Politics from the Palouse to Puget Sound

Thursday, September 07, 2006

The Last Word on Costco?

I'd liek to think Don Pelton's fact-filled letter to the editor in today's Daily News represents the last word on Costco and Pullman, but given the PARDners proclivity for manufacturing new facts to fit their cause, don't count on it.
Costco is a store for the few

In his letter to the editor (Opinion, Aug. 29), T.V. Reed, head of the Pullman Alliance for Responsible Development, tells us Costco is a virtual certainty to come to Pullman because we are a larger and much richer city than Clarkston, where for some reason the management elected to locate its store.

We are told Pullman has 9,000 people who are more than age 25 and have a median income of $50,416 vs. only $29,100 for those in Clarkston. Fellow PARD member Christopher Lupke recently told us per capita retail sales in Clarkston are $21,500, which is far higher than those for any other city in the area and dwarf those for Pullman.

If the poor people in Clarkston spend about 70 percent of their income for groceries and other retail goods, they surely need consumer education on how to manage their income. Those folks have little money left to pay for housing, medical care, education or even taxes.

PARD misunderstands what all the retail spending in Clarkston means. It means that most of that spending originates from areas outside Clarkston such as from Pullman-Moscow.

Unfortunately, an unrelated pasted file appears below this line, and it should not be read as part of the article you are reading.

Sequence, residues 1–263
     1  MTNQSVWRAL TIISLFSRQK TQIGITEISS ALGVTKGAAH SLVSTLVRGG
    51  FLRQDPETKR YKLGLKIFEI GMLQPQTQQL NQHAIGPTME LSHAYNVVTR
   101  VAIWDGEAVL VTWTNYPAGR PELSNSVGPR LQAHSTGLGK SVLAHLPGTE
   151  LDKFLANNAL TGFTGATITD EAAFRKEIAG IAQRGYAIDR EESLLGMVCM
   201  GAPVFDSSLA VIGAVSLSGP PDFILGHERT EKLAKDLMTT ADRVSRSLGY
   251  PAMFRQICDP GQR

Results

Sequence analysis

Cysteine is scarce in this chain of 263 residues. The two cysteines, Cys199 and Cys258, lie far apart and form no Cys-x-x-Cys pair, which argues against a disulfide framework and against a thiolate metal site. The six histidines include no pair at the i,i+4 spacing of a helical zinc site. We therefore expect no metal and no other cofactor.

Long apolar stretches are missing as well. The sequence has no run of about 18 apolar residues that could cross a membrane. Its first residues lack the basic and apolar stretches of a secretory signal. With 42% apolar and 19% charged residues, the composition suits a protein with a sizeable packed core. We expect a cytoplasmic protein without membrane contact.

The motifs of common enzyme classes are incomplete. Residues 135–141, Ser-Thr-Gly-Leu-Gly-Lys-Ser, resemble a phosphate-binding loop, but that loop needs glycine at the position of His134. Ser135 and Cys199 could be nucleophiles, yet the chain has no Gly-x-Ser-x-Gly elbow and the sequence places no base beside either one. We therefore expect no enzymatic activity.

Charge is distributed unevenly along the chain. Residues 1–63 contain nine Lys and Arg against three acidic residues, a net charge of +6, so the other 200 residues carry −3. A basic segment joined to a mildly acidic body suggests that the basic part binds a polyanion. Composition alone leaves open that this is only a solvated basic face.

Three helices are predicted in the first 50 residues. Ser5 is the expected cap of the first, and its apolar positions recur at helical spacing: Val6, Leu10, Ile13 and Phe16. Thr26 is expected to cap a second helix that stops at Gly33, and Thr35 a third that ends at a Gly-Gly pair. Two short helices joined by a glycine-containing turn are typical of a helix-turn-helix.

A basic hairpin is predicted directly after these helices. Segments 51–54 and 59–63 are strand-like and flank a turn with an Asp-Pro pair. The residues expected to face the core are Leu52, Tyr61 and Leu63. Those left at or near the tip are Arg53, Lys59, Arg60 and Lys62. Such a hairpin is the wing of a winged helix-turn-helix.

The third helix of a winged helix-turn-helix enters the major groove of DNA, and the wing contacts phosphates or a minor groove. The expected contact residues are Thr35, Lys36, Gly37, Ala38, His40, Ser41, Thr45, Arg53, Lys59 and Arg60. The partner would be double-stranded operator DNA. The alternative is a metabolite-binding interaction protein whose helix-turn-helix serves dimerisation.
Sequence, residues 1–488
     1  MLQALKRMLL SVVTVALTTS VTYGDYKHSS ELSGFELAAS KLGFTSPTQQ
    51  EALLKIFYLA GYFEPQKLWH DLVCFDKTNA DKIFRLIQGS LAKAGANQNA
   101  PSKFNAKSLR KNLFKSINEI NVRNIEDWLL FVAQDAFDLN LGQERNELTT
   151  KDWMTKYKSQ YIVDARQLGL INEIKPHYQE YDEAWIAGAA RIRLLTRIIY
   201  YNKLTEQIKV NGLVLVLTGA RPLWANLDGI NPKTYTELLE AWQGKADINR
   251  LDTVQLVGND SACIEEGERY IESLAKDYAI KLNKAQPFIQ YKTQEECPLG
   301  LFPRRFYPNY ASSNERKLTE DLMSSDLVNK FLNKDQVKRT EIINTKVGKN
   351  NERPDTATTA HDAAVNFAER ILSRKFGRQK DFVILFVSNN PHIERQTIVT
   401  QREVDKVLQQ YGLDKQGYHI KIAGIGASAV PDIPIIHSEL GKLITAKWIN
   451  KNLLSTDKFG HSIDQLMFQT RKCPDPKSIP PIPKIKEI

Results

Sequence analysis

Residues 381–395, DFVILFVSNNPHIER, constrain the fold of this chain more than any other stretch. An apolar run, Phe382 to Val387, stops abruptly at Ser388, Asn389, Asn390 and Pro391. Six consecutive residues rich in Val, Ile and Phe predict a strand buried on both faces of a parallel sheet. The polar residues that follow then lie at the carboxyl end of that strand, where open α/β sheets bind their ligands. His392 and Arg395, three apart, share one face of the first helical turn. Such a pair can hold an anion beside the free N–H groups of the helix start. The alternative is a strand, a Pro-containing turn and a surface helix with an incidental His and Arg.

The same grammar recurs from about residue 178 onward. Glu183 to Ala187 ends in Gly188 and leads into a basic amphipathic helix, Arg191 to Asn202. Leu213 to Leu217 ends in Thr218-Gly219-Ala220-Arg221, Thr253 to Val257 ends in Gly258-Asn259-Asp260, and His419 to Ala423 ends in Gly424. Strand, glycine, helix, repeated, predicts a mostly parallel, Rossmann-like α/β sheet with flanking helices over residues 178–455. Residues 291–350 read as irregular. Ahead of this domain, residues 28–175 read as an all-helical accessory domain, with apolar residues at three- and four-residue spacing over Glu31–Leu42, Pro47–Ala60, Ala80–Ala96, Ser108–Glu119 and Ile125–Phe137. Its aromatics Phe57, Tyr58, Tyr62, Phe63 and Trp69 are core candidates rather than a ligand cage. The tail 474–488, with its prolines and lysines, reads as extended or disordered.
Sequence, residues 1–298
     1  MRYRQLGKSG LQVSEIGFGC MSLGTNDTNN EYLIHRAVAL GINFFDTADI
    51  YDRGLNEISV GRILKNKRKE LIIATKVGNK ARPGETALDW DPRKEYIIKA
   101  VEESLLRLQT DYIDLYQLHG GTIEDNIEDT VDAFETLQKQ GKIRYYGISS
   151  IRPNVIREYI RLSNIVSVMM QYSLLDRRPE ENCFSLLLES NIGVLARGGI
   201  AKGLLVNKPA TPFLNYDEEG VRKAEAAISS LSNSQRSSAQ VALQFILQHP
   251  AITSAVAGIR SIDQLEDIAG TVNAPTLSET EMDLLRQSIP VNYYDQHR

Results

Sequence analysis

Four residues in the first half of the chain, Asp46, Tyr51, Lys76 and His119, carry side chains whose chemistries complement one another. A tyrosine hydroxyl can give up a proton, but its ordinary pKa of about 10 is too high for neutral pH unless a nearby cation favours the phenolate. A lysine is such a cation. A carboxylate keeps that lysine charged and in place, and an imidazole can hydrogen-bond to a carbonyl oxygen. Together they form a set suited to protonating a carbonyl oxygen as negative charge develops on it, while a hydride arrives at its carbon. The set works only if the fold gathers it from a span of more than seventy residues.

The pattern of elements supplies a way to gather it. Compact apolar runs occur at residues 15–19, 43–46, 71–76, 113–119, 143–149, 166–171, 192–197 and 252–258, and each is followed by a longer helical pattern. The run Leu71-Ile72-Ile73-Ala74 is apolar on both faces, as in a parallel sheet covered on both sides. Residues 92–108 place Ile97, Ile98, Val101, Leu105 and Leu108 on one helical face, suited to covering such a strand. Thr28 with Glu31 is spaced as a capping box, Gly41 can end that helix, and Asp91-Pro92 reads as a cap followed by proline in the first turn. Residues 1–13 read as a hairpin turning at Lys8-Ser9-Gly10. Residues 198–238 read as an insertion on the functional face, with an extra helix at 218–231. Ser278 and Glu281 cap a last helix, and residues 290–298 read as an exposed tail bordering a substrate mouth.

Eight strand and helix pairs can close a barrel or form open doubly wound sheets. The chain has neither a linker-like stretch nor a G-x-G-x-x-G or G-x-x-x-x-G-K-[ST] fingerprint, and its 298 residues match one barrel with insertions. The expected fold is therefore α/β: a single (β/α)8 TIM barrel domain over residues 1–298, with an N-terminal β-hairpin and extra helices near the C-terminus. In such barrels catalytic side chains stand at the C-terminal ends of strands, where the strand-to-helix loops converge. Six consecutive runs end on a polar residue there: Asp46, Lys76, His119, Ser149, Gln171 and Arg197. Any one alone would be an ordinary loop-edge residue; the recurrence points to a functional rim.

The average Costco store in Washington centers around about 225,000 people. Steven Peterson in his study for the Moscow Chamber of Commerce found the median income of a Costco shopper is $85,000 and that 42 percent of its customers earn $100,000. The Clarkston Costco store was built to service a trade area from Moscow to the Tri-Cities and beyond. The closest Costco stores to its Clarkston branch are in the Spokane area, Boise, and Portland ( a Walla Walla branch is in the works).

Costco is a store for the few. Wal-Mart is for everyone, with 46 percent of all Americans shopping there each week.

Donald D. Pelton, Pullman
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1 comment:

April E. Coggins said...

Don sort of brushed around a major issue with Costco. Costco is membership based. Not everyone can shop at Costco no matter the income level. It's all fine when one can afford the membership, has the inviation to membership and can afford to buy in bulk. Everyone who supports Costco should try to walk in without a membership card and then after shopping, try to purchase the items. Good luck. Costco is about excluding certain classes of people to pass the super secret, wholesale prices to the rest of us.